EDITORIAL: Of Dogs and Tanks

There has been much hand-wringing in top German political circles over the matter of supplying Ukraine with German-made Leopard tanks.

Suffice it to say, the Germans have a strong track record when it comes to making formidable tanks. This is something they prefer not to be reminded of. Fair enough.

But this isn't 1940. And Germany isn't planning on invading Ukraine as Russia already has. So helping the Ukrainians defend hearth and home against Vladimir Putin's murderous horde would seem to be a noble gesture, even if it stirs uncomfortable memories.

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Separately, the U.S. has been reluctant to supply state-of-the art Abrams tanks and good reasons have been offered.

But if Kyiv can get main battle tanks from European countries that might be all that is required to fend off a now expected Russian offensive in the spring.

All this talk about tanks is clearly making Moscow nervous.

Newsweek is reporting that Dmitry Medvedev, deputy chairman of the Security Council of Russia, has said the West was supplying enough weapons to Kyiv to "destroy" his country.

Medvedev, who farcically kept the presidential seat warm for his boss Putin for a few years back, fretted that Russia was now facing a difficult situation and that a new alliance against Russia might be taking shape, an alliance made up "the Americans and their pack of castrated dogs."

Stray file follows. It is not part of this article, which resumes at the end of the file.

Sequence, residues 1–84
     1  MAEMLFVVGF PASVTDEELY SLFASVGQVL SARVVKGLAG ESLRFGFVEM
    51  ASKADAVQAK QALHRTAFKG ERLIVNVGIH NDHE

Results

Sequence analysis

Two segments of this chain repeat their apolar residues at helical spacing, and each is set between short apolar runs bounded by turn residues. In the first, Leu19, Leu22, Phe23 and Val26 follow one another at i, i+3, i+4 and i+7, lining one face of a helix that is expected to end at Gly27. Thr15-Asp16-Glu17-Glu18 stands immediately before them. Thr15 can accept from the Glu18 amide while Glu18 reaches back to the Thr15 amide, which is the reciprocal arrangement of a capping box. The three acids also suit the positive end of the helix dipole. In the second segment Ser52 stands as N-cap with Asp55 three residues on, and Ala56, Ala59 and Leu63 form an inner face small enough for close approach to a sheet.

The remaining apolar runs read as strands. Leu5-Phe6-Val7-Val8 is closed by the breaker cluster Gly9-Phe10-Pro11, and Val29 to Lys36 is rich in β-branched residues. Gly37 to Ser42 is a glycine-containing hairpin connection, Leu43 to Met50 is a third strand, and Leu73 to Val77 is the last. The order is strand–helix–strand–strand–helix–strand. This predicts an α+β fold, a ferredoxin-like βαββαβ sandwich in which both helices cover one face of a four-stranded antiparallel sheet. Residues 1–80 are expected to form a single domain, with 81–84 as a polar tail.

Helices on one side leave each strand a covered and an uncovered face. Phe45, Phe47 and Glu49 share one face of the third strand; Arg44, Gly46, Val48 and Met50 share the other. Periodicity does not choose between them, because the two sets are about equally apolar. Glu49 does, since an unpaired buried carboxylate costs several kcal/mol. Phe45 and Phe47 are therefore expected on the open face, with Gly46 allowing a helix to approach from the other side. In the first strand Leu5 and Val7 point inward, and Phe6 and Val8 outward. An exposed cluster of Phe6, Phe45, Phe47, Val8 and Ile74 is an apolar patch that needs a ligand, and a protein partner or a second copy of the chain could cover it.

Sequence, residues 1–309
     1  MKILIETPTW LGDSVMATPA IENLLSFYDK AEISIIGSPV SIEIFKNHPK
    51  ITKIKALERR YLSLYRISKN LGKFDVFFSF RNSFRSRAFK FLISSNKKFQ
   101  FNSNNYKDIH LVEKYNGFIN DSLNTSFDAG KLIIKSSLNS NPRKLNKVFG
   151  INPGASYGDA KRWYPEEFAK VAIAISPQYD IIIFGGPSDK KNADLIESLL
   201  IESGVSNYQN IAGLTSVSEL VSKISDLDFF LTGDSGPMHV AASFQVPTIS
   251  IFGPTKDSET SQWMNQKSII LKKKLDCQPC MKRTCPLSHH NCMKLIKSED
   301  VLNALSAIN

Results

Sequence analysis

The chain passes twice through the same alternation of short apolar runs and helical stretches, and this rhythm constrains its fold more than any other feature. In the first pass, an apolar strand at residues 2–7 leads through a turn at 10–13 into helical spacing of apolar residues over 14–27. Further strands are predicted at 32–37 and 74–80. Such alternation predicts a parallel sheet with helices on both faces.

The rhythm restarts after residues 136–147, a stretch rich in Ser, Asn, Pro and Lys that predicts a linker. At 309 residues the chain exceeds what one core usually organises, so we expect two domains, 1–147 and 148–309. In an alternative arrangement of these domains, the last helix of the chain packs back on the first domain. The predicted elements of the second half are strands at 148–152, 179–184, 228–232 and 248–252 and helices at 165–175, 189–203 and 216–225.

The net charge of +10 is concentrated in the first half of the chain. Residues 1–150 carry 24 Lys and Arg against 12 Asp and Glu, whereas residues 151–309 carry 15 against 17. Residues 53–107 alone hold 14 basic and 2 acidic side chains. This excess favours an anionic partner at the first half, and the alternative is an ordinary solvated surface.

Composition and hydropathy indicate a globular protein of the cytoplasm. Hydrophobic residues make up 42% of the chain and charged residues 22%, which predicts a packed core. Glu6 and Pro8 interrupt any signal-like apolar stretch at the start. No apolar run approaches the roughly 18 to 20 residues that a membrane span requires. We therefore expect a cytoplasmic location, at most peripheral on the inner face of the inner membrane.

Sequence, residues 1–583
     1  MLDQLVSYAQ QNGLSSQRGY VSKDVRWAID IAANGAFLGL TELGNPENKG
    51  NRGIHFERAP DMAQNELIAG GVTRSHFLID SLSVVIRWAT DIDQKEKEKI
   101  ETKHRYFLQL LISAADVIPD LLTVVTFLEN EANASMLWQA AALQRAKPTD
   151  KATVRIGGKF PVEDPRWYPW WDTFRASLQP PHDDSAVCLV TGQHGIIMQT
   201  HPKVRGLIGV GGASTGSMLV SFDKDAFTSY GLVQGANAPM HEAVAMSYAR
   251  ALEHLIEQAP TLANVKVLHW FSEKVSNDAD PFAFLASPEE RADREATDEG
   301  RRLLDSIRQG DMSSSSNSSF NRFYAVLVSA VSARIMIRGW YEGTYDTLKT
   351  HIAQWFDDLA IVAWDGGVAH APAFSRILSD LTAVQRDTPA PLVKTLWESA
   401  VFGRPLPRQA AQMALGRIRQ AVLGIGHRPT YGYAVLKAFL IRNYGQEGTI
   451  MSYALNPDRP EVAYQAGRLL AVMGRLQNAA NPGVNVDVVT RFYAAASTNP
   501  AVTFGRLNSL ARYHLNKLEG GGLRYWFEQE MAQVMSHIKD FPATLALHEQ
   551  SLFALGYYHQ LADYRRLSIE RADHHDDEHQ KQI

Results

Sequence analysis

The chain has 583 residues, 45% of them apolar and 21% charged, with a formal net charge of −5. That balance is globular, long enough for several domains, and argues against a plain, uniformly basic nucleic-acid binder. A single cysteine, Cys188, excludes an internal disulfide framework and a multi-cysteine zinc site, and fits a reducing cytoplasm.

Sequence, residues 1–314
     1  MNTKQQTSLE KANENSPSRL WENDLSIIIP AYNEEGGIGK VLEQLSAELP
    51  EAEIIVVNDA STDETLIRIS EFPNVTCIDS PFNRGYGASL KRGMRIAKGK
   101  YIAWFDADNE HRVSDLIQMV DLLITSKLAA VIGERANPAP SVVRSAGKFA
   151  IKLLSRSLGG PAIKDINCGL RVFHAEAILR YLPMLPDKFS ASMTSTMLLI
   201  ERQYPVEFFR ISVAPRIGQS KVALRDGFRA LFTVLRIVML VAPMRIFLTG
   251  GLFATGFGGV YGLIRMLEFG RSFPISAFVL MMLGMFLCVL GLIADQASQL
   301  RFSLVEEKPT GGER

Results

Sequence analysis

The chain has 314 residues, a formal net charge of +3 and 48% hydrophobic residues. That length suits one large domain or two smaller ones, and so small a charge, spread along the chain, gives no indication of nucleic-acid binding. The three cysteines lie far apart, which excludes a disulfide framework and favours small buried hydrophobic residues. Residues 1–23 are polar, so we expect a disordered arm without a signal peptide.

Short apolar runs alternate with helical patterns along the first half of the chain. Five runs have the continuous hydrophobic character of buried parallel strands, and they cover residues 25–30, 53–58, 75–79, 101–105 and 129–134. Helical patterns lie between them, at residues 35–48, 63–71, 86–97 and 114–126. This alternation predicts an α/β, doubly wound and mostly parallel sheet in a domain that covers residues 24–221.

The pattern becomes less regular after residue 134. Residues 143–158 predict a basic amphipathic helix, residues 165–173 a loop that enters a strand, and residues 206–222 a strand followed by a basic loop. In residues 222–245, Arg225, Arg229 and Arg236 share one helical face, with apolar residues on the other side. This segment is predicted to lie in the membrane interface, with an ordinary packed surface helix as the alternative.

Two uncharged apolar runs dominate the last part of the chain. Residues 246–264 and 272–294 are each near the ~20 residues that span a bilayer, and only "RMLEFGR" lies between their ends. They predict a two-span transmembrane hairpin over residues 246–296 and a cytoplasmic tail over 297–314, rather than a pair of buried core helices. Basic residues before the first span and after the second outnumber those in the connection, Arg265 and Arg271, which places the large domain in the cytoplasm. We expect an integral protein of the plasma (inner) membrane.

Dmitry must have had a bad night to come up with that one. Perhaps he stayed up too late reading the Rants of Mao Tse Tung, or some such. Mao was big on dogs. Imperialist running ones.

Anyway, we can only wonder if Ireland is included in this pack of savage mutts. After all, Ireland has been loudly vocal in its condemnation of Moscow, has sent humanitarian aid to Ukraine, and has taken in over 35,000 Ukrainian refugees. Real mad dog stuff altogether.

Tánaiste Micheál Martin, according to a report in the Irish Independent, has rejected suggestions that Ireland should directly help Ukraine’s military efforts, saying Ireland had no real military capability to offer.

Which is true. And that is another story.

Martin went on to say that Ireland was not neutral in the conflict and had helped with what it did best, including humanitarian aid, political support for Ukraine’s EU membership, and an international court action against Russia.

Does all this qualify Ireland for the "castrated dogs" club? Somebody should ask Moscow's man in Dublin, Yuri Filatov, who has been very quiet of late. Not so much as a yelp out of the man.